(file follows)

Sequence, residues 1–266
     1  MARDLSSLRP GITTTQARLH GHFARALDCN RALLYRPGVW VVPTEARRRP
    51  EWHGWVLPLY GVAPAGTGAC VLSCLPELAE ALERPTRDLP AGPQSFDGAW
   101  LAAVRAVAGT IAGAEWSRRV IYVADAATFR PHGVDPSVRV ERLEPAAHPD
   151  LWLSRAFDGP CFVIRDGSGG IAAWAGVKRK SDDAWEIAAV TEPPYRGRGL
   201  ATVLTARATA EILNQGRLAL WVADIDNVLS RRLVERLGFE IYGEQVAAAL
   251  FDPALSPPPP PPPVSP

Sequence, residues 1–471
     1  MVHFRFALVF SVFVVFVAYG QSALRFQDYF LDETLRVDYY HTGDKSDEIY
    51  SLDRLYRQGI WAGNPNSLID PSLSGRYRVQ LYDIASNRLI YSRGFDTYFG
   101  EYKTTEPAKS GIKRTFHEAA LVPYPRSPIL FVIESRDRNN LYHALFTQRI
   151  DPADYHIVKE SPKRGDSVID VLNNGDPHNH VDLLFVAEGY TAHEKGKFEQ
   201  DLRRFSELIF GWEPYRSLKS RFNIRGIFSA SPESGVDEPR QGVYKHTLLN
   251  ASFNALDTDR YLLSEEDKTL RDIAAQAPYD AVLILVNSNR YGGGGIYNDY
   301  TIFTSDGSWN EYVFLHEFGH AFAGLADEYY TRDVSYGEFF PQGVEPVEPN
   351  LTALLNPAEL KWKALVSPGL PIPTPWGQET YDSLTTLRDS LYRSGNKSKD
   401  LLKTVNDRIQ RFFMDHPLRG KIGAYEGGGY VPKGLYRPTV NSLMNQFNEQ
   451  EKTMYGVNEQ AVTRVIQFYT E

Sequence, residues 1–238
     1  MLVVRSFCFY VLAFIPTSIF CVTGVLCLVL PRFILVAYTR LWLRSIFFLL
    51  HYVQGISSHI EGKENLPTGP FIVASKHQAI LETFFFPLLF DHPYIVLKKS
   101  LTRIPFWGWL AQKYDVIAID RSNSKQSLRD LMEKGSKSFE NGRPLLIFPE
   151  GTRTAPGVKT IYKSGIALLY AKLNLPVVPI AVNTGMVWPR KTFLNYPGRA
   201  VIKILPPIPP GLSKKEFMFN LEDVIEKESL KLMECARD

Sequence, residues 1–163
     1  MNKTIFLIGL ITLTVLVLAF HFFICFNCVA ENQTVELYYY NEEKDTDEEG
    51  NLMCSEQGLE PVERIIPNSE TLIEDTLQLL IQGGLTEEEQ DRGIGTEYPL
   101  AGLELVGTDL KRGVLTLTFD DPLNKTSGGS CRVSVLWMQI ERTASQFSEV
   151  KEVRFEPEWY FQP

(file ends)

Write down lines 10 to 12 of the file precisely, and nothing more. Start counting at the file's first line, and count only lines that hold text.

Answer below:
    51  SLDRLYRQGI WAGNPNSLID PSLSGRYRVQ LYDIASNRLI YSRGFDTYFG
   101  EYKTTEPAKS GIKRTFHEAA LVPYPRSPIL FVIESRDRNN LYHALFTQRI
   151  DPADYHIVKE SPKRGDSVID VLNNGDPHNH VDLLFVAEGY TAHEKGKFEQ